Identifying a Problem to Solve

Having a target person made it easier to locate the real problem by providing a context.

Ideating to Arrive at a Solution

I used several techniques to get me closer to a solution for Maria. I created storyboards of scenarios she faced and her journey towards resolution. I used How Might We statements to look at Maria’s need from different angles. Finally, I visually brainstormed by sketching quick ideas, both off the top of my head and “way out there,” as well as ideas that made more sense from a technical execution point-of-view. I used a thick Sharpie marker throughout these techniques to prevent me from being too precious with specific ideas. The point of these exercises was to quickly come up with as many solutions as possible.

This is What I Made

My solution to Maria’s problem was a single page app that allowed her to perform any one of three separate tasks on the path to finding a track of music to license: You can search by keywords; you can filter by mood, tempo, genre and instrumentation; or you can upload your own music from your local computer into a playlist. Once a playlist is created, it begins a workflow that streamlines video auditioning music with video footage. You can quickly see and hear how a track of music goes with your video.

Paper Prototype

I made a paper prototype as a quick way to test my idea with the people I had been interviewing for my research. I went back over the design and tested several times before arriving at what I have now: a single page app. User testing led me to a solution that made more sense visually and economically in terms of flow. The page elements would load dynamically on one page. Some notable features include the ability to upload music and video and sync them.

Testing provided feedback, such as the need for a prominent start button, and provided validation that my app solved a real need. It also flagged concerns that my test subjects had, such as the need for security for the uploaded videos which had million dollar budgets.

Low Fidelity Wireframes and a Low Fidelity Prototype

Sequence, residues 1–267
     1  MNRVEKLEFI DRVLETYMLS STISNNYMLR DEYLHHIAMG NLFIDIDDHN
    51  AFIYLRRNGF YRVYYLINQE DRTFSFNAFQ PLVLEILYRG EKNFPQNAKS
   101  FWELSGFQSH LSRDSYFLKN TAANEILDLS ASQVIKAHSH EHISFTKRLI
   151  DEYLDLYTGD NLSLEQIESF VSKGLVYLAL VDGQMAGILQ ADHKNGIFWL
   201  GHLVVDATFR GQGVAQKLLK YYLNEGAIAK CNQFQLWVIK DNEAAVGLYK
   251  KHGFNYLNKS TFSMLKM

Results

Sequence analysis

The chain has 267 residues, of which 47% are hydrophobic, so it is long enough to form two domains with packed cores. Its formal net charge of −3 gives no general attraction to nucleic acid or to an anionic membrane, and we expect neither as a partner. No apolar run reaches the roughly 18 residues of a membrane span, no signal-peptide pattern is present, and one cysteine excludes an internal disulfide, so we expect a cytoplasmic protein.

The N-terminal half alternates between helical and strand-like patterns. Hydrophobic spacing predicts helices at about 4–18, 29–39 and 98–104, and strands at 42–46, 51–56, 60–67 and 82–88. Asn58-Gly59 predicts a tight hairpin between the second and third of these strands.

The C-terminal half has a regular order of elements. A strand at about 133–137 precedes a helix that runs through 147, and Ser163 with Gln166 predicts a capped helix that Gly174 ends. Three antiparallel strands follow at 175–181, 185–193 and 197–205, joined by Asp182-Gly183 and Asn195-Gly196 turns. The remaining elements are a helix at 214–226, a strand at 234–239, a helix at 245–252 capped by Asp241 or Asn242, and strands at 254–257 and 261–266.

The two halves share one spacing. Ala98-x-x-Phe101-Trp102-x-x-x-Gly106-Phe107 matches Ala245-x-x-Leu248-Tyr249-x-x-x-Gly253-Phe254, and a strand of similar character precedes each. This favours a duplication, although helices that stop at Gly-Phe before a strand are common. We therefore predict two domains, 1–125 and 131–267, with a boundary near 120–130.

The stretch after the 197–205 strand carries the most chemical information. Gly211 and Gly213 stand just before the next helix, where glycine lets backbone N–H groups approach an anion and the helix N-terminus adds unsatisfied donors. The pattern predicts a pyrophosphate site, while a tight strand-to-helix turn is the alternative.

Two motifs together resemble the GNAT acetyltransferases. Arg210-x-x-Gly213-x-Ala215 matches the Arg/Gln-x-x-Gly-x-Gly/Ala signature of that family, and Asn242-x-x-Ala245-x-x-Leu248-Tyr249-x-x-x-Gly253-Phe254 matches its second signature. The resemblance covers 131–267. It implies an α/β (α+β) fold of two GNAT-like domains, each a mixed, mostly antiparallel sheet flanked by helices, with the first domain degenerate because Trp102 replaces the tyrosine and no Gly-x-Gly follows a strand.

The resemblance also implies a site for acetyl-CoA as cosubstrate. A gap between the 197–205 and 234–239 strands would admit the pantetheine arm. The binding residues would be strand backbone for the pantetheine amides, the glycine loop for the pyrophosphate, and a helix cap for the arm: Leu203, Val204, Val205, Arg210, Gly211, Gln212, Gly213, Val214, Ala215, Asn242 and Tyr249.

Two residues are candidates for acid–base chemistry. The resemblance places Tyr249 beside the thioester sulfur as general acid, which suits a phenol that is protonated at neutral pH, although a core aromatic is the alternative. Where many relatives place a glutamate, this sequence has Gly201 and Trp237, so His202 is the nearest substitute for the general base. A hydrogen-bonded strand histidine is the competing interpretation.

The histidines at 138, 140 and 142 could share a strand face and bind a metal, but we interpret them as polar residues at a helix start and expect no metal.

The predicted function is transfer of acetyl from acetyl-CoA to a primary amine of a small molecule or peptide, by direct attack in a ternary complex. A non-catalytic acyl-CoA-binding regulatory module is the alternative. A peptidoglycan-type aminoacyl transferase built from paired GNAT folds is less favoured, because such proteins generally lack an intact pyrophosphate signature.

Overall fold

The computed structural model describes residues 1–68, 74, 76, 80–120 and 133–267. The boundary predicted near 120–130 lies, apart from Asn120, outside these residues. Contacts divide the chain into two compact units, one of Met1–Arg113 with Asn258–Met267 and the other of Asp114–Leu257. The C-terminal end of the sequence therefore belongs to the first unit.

Feeling confident with my paper prototype, I translated it into low fidelity wireframes created in Omnigraffle and a low fidelity clickable prototype live on Invision. When I tested this on my research subjects, there seemed to be a big disconnect. I did not get many comments and people seemed underwhelmed. This is in contrast to the enthusiasm I got from my paper prototype. Everyone wanted to click on or scrub through the video or play the audio, but in a low fidelity prototype you have to use your imagination to visualize what these features do.

High Fidelity Prototype

From testing my low fidelity prototype, I learned that for a multimedia application, users need to actually see and experience the video and audio. There was a big leap that needed to occur. This could only happen in a high fidelity prototype. I decided to create this.

I used a website called which allows you to build apps that can be launched online. renders real code for common features, for example a Google Maps or Tinder-style swipping feature, in a drag-and-drop format. I created a high fidelity prototype with real youTube video feed, real audio play capability, a file upload function, and drop down menus for filtering by keywords. The research subjects would have the immediate gratification of being able to play the audio, and scrub through and watch the video. This would make it more real for them. I was able to get further validation and also useful feedback.


• Invision low fidelity wireframes and clickable prototype – link –>

• high fidelity multimedia prototype (in progress) – link –>